Pardon me while I indulge a bit of a meander this week. There are a few things I really want to cover – none of which is a full article on its own, but hopefully each brings you a worthwhile tidbit. This week I want to look at the ubiquitous “annual review”, the realities of “off-season” training, and a word or two about coaching with power-based metrics.
First up we have the annual review. Now I am certain that you can find literally dozens of posts now or in the near future about the value of looking back as a starting point to looking forward, usually under the guise of “planning your season.” They all read pretty much the same – review last years goals, set realistic goals, prioritize your goals, blah blah blah…so let’s offer you a shorter and more succinct version!
It doesn’t matter what discipline you compete in, a good coach can make a world of difference.
In clinical settings they often use SOAP notes to track patients. SOAP stands for Subjective, Objective, Assessment, and Plan. I think it makes a great way to triage your season a little bit too.
Subjective: Subjective might just as easily be expressed as opinion or insight, for it is this measure that reflects your impressions of the year that was. Essential to this review are a solid set of notes from your daily workouts for the year. How did you feel in the days before that personal best threshold test? How long did it take to fully recover from the flu? These insights are a treasure trove of information that really will help you design a better and more realistic new year.
Your challenge this year – do better at tracking your day to day training! The caveat is to try and keep it to a single location. With Strava, online training logs, GPS sites, and your well worn excel spreadsheet it is easy to overwhelm yourself with far too much information across too many platforms. Keep It Simple Silly and commit to one central spot for reflection. I still find it fun to go back to previous years and see what I did and how I felt – all the way back to when my training log was handwritten (now that dates me!).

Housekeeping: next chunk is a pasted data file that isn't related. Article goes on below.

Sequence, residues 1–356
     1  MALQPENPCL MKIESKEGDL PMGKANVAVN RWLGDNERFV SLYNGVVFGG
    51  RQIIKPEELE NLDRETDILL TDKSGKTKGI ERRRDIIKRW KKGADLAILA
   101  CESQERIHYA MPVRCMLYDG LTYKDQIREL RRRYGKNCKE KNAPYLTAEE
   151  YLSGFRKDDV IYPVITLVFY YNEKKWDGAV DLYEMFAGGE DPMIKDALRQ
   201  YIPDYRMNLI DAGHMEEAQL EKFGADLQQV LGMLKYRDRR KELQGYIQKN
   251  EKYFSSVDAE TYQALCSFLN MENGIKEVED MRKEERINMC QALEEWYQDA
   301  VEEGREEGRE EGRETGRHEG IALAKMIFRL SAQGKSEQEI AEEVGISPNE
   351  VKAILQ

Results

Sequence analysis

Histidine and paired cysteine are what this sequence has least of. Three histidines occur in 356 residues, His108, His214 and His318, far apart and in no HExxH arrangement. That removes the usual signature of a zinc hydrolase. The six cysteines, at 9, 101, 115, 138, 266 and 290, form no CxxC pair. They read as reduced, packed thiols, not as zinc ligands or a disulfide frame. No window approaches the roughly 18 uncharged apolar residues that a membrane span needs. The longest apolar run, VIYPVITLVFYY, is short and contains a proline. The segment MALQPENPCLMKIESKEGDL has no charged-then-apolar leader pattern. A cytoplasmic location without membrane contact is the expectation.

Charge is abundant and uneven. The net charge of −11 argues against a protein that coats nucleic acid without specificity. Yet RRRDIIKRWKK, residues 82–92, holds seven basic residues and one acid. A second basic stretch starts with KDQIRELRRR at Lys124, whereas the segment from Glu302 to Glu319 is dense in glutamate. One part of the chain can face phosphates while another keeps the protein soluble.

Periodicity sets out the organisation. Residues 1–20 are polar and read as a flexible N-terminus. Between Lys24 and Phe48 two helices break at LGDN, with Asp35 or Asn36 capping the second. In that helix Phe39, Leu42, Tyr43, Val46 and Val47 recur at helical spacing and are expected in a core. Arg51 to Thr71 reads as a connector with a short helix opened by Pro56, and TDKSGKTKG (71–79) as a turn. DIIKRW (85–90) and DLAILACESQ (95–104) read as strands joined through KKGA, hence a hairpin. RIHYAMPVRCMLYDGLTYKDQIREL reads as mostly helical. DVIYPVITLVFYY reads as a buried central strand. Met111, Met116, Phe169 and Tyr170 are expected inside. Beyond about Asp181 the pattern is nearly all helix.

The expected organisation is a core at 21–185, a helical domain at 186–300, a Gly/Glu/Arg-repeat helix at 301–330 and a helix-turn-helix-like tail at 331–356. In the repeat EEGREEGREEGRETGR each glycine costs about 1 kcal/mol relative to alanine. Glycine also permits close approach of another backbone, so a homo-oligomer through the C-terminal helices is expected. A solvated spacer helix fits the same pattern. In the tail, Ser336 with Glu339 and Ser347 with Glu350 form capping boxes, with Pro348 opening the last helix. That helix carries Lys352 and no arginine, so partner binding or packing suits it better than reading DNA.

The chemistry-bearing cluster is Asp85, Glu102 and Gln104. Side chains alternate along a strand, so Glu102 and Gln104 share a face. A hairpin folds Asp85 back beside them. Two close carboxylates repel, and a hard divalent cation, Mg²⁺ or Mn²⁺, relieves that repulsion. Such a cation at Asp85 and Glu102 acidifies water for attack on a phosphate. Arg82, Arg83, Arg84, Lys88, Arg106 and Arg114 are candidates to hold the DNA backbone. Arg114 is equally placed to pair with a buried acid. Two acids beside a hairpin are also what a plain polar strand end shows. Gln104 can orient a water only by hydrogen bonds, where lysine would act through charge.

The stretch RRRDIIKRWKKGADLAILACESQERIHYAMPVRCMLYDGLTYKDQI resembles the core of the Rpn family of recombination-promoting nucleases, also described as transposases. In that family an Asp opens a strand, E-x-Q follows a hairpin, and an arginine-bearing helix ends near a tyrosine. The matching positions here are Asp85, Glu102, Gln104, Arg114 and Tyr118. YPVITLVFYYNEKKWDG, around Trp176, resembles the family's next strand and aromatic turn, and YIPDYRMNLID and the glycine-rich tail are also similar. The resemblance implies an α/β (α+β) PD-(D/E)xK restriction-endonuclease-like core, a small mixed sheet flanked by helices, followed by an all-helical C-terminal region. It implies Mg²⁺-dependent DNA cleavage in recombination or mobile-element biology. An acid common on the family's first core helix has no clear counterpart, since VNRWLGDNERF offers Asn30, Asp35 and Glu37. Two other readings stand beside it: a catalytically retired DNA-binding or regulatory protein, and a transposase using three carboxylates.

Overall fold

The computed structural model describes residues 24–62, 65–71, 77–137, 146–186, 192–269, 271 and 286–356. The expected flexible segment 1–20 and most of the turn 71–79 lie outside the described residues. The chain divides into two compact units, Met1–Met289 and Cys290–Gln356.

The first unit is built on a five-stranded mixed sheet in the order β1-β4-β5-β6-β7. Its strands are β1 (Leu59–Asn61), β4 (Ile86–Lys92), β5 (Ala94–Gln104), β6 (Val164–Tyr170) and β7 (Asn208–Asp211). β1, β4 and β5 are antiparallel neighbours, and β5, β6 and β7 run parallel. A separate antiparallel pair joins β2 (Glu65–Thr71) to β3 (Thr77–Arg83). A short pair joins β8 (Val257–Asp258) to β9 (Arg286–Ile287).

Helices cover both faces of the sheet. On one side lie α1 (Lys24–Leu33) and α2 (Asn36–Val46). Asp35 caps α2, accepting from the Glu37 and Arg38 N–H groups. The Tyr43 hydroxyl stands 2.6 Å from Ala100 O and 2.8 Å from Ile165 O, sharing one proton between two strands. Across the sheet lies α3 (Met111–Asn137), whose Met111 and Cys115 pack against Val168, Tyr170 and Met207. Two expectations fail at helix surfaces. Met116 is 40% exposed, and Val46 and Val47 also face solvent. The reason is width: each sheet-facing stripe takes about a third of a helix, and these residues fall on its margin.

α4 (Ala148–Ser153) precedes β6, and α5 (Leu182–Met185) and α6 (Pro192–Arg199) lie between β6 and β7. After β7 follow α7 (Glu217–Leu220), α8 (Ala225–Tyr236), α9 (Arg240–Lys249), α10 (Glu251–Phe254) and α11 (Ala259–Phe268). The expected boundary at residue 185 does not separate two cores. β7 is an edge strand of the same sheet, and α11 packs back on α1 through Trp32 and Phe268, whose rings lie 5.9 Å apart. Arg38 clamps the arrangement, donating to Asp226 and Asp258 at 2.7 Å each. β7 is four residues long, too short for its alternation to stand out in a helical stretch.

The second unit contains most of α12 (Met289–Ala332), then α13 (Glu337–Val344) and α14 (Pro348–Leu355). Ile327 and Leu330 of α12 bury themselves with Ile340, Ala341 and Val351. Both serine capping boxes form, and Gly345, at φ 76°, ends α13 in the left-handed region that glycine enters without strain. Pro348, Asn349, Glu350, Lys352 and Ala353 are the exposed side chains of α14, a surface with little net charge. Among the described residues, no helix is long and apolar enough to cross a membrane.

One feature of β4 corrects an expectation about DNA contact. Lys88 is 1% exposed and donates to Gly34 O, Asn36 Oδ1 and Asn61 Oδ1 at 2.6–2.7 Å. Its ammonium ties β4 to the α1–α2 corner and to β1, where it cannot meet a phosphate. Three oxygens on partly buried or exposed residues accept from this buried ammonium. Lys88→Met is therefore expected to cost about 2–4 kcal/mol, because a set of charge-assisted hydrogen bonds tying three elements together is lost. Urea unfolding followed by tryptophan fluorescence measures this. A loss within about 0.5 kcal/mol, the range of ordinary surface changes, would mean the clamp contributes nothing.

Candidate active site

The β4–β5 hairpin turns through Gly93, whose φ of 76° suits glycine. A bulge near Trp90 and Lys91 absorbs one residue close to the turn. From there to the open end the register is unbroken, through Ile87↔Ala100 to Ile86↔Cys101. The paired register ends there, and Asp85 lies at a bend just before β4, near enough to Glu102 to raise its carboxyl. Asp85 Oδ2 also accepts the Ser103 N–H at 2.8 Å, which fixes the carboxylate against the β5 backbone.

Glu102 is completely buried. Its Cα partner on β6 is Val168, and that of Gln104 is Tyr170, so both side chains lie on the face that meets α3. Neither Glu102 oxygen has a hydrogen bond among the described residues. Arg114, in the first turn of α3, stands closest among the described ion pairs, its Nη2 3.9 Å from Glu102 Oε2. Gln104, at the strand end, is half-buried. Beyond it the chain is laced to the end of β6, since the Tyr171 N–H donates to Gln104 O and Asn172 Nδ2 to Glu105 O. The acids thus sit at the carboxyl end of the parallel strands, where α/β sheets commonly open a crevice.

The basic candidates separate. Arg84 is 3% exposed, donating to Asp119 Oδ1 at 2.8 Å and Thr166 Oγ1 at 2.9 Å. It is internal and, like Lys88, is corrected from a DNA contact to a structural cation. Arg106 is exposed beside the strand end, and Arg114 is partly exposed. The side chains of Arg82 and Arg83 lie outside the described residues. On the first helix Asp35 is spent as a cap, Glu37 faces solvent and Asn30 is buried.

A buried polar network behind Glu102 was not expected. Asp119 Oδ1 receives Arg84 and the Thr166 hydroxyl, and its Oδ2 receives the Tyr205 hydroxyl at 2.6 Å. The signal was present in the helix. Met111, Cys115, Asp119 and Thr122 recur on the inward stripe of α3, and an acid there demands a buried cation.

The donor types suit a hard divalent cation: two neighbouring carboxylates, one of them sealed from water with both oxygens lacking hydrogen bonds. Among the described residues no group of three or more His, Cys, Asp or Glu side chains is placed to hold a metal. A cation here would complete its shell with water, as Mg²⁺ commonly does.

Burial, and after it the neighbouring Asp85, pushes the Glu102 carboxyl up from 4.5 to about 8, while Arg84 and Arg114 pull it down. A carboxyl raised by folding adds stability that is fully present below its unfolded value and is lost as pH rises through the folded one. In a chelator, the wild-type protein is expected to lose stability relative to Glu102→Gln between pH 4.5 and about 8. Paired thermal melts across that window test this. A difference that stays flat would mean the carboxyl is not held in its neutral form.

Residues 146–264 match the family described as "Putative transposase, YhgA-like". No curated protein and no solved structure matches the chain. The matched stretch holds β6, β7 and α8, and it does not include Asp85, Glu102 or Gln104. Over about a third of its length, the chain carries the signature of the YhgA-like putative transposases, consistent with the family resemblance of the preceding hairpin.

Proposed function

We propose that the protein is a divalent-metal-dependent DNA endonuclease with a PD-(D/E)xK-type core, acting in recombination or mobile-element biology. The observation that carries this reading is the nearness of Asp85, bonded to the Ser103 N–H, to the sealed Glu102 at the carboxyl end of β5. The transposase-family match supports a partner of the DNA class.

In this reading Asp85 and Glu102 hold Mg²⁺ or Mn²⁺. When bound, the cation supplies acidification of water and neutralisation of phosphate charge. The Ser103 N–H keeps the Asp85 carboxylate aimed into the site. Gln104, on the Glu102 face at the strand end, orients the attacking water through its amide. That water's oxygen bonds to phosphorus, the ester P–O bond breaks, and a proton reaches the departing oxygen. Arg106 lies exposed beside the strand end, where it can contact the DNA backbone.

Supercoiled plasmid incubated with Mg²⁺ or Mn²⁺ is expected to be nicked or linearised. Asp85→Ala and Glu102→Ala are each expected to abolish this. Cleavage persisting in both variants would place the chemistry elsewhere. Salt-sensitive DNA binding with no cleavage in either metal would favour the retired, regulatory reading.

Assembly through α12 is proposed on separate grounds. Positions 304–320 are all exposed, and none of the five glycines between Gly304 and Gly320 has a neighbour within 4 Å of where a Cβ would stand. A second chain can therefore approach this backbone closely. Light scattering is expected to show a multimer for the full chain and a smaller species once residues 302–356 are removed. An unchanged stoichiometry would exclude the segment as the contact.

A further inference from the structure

Objective: Just the numbers, ma’am! When I sit down to write a season review for my athletes I usually start here. How many hours, how many miles, how many races, etc. Of course being power-based I get to add cool stuff like changes in threshold power, VO2 power, or their Chronic Training Load track!
So here is your challenge for this year: Go back over a few years instead of just one, get that 30,000 foot view, forest for the trees and all. You might be surprised at the common threads that parse out when you look at three or four or five years of training.
Assessment: Now you put the two together and offer an unbiased assessment of what you did. The key here is unbiased, which of course is nearly impossible to do on oneself – and yet another reason hiring a coach is a truly worthwhile endeavor. Then again, we all have the ability to self-critique, so take ego out of the equation as much as you can and look at the year.
This is where you line up those goals you wrote with the reality of what you did. Did you want to win a race or get the upgrade? Well, did your training truly follow a realistic arc? Was your lifestyle a contributor to success or a hindrance? Did you exceed your own expectations?
Plan: This is where you lay out the future. This step is typically what all those articles obviate about, but without the look back you are missing 75% of the process. Fortunately, there are lots of folks pining to tell you how to plan, and this SOAP approach is perfect for the day to day of training. a while ago.
Off The Off-Season Training
Another common refrain this time of year is off-season training. Yep, it’s December, which means much of the world is either in the midst of a cold winter spell, or it’s just around the corner! Many of the off-season training articles will tell you to maintain your aerobic fitness with indoor riding, if outside isn’t an option.
My suggestion? Get after something off the bike for awhile, I’m gonna try hockey! Or maybe swimming. No, wait…yoga. Well, it really doesn’t matter what you do, just get after raising your heart rate away from the structure of regular bike training. The window of aerobic development is pretty well set, and you’ll have plenty of time to get back in the swing of cycling before your first races are on tap.